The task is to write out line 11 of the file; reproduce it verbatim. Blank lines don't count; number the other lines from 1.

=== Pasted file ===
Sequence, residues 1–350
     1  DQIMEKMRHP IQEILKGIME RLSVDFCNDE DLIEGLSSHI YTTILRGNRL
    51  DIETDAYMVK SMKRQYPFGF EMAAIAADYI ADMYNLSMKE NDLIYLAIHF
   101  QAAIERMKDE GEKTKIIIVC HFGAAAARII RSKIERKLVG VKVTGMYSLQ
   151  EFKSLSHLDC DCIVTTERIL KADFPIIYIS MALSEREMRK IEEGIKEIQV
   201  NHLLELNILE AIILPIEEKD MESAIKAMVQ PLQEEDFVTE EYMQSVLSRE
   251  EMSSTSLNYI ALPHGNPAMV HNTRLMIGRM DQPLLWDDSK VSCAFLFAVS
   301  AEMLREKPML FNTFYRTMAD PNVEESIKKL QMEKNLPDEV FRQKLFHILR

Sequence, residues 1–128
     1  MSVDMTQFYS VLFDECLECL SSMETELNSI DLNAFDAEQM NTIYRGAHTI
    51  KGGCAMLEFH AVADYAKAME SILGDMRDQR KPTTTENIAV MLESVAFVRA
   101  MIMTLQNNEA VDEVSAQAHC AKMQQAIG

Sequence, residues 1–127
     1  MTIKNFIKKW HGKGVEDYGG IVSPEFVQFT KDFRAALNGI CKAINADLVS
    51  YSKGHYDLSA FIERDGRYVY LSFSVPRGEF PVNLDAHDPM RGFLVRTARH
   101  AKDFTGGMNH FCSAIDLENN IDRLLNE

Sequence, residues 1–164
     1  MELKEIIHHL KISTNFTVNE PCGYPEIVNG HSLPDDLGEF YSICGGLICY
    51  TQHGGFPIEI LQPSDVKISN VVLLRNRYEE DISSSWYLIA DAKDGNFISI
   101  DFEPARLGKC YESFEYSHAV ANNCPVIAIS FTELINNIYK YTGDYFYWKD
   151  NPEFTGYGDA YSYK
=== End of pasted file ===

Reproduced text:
    51  KGGCAMLEFH AVADYAKAME SILGDMRDQR KPTTTENIAV MLESVAFVRA